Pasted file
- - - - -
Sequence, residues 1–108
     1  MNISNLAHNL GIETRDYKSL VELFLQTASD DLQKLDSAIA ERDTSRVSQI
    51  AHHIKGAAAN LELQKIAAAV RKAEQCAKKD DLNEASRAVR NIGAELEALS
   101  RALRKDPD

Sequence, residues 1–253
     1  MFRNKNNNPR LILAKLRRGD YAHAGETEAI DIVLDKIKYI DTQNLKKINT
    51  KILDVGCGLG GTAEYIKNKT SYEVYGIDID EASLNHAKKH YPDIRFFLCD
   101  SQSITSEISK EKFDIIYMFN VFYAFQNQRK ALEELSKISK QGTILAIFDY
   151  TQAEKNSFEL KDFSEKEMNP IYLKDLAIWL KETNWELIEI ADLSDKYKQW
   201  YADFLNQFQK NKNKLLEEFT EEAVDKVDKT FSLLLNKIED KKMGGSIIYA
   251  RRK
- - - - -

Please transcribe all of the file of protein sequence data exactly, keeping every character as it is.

Sequence, residues 1–108
     1  MNISNLAHNL GIETRDYKSL VELFLQTASD DLQKLDSAIA ERDTSRVSQI
    51  AHHIKGAAAN LELQKIAAAV RKAEQCAKKD DLNEASRAVR NIGAELEALS
   101  RALRKDPD

Sequence, residues 1–253
     1  MFRNKNNNPR LILAKLRRGD YAHAGETEAI DIVLDKIKYI DTQNLKKINT
    51  KILDVGCGLG GTAEYIKNKT SYEVYGIDID EASLNHAKKH YPDIRFFLCD
   101  SQSITSEISK EKFDIIYMFN VFYAFQNQRK ALEELSKISK QGTILAIFDY
   151  TQAEKNSFEL KDFSEKEMNP IYLKDLAIWL KETNWELIEI ADLSDKYKQW
   201  YADFLNQFQK NKNKLLEEFT EEAVDKVDKT FSLLLNKIED KKMGGSIIYA
   251  RRK